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Lemon Bars

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  1. Assuming you had the pre-requisites for both and already had an RN license, would you pursue an NP program or a PA program and why?
  2. Grades are very important. I recommend planning out a strategy that allows you to take maybe two hard classes and two easier (general education) classes per semester, so you don't overwhelm yourself and end up with a bunch of C's which will hurt your application. Also, like faking patience said, you don't want your pre-requisites to end up being more than five years old before your PA application is competitive.
  3. If you can find another job I would bail out. If you stay for six months and then decide to leave you will either have to ask for a reference from that job or you will have a six month gap in employment that you may have to explain. If you leave know it will be like the job never happened.
  4. 1) PA programs will want shadowing hours no matter how closely you say you worked with a PA or MD. 2) Most (all?) PA programs are full-time and very difficult. You will not be able to work much while in PA school. 3) Many programs require the GRE test. I did well on the GRE by studying a book, but you could sign up for a GRE study class if you have the time and money. Good luck!
  5. Hmmm....they must have counted your clinical research hours as HCE for you to have gotten interviews, I guess. Perhaps they count it, but would prefer that you also have some hands-on experience as well to round out your application. That's probably your weak area, along with having no PA shadowing experience. Where I live you can get nurse aid work uncertified and also physical therapy aide (not assistant) work. There is also scribe work. These are considered weaker HCE but would directly involve patients. I got an EMT cert in one semester at junior college, so that's a pretty low investment in time and money. Good luck!
  6. When PA programs increase to three years plus a residency, and the on the job mentoring aspect disappears, then you might as well merge PA/MD programs, I think. Already there are a few three year MD programs and some calls to get rid of some pre-requisites like the second semester of organic chemistry for medical school candidates. PA programs can only raise their requirements so high before students say, "Heck with being a PA, I'll just go to medical school!"
  7. EMEDPA the Emergency Room is not the center of the universe.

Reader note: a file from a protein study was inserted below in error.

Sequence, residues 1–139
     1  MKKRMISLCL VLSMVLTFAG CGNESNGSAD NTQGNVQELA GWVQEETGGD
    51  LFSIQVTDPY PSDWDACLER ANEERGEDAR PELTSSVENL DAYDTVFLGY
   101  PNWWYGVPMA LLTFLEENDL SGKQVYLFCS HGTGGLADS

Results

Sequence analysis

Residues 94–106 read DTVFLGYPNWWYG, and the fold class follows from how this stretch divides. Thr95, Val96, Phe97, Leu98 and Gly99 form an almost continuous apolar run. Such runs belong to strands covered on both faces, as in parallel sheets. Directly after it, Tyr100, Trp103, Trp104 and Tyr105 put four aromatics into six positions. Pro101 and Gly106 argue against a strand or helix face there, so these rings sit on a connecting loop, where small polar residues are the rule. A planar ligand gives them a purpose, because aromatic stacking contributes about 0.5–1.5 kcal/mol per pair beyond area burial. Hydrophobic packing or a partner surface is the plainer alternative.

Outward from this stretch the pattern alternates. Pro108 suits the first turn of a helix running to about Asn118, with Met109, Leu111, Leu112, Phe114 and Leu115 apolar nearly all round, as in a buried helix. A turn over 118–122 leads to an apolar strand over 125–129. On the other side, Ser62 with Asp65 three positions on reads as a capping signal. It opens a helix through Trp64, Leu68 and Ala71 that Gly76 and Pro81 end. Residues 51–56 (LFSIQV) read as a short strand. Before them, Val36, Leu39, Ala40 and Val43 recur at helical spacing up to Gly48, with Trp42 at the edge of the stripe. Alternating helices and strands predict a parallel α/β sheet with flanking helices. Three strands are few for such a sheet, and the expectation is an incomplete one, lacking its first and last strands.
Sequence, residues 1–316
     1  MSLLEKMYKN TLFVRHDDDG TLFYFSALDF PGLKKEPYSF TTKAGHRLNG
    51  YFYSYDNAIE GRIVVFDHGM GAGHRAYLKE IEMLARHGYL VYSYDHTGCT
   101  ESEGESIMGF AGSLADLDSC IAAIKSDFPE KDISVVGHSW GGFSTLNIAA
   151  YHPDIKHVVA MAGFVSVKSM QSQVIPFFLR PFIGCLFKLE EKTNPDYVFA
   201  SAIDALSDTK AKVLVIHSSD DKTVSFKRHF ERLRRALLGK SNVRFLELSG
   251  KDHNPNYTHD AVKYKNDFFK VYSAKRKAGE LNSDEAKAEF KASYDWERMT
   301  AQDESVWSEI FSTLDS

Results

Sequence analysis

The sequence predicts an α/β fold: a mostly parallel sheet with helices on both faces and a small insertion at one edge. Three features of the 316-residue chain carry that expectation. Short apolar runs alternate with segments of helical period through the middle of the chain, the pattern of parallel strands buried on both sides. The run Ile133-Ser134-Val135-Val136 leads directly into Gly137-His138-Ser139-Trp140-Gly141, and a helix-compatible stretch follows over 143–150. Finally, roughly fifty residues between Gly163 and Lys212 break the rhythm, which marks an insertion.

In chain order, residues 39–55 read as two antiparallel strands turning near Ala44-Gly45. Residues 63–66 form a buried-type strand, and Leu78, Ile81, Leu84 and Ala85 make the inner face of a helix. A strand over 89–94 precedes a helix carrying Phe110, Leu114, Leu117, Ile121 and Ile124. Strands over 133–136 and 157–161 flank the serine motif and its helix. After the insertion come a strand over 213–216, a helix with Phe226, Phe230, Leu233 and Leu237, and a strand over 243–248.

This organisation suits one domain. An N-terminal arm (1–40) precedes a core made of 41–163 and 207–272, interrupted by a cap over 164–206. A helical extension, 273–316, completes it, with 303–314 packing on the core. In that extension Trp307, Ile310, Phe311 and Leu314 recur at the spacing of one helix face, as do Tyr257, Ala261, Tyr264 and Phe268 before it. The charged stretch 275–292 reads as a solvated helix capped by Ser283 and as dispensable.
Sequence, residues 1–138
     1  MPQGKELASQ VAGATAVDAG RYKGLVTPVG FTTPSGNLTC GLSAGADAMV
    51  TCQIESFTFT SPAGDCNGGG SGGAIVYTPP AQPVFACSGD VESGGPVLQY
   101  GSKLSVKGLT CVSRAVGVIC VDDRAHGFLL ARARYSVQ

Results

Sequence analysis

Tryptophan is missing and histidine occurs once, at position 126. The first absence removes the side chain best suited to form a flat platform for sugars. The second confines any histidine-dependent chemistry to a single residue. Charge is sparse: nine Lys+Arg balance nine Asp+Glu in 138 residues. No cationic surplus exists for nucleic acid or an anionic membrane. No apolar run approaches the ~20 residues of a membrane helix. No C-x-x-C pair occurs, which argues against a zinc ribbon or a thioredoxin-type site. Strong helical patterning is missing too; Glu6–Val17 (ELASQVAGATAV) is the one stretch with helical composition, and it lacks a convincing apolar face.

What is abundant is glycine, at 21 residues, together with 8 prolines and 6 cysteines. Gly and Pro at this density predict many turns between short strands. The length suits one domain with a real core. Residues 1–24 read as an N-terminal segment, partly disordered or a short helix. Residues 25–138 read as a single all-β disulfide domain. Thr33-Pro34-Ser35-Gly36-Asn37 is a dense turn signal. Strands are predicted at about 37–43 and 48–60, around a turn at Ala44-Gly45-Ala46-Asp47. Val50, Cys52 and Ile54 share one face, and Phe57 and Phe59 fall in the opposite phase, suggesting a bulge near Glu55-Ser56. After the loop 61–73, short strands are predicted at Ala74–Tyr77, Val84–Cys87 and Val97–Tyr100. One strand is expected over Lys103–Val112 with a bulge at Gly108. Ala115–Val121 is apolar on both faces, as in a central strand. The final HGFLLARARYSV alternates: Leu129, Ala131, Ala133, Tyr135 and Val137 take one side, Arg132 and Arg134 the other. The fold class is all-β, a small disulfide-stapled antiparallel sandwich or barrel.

8. Medical transcriptionists have been around for a long time. But medical scribing in the room, in real time with the clinician and the patient is a new thing - it only just started about 10 years ago with the advent of electronic health records. Lots of people who work in healthcare have no idea what a scribe does. Heck, some people in healthcare don't even know what a PA does and it's been 50 years since the first PAs were trained. It takes a long time for people to accept new ideas. I can tell you that, as a scribe, I generally have a better understanding of what's going on with a patient's current medical conditions than the LVN who works alongside myself and the pediatrician. The LVN will take the patient's vital signs and then come in to give the vaccinations, or give a nebulizer treatment, etc. But all the patient's history, how their asthma is doing, how the medications are working for their acne, what a specialist said what about the heart murmur or the upcoming surgery for undescended testes - all that I get to hear and learn about. I can read the previous note and understand that the patient is here for their follow up visit for ADHD evaluation, and I know that the parents should be bringing in Vanderbilt forms for the doctor to review. Sometimes I can type in the note which medications the patient will be prescribed before the doctor even says it. What I mean by all this is that many people do not yet realize how intimately involved scribes are. You cannot just type whatever rambles out of a patient's mouth. You have to organize all the information into problems and diagnoses which means you have to have an understanding of what's being talked about during the visit. It is true that actually touching patients is a whole different set of skills. Because of my EMT training (though I never worked on an ambulance), at my current job they let me room patients and take vital signs. I was very nervous when I started doing this with little babies and newborns. But now it's fine. They won't let me give vaccines, but I could easily learn to do that with proper training. The hands on medical stuff is actually EASIER than scribing. Sorry for the rant. If you can get hands-on patient care as an EMT or MA, or better yet a nurse or paramedic, then by all means get it. That's what most PA programs consider the best HCE. But if you get the chance to scribe you will really get a feel for what's going on in the clinician's mind. Some PA programs seem to be aware that scribing is valuable, and they are counting it as HCE.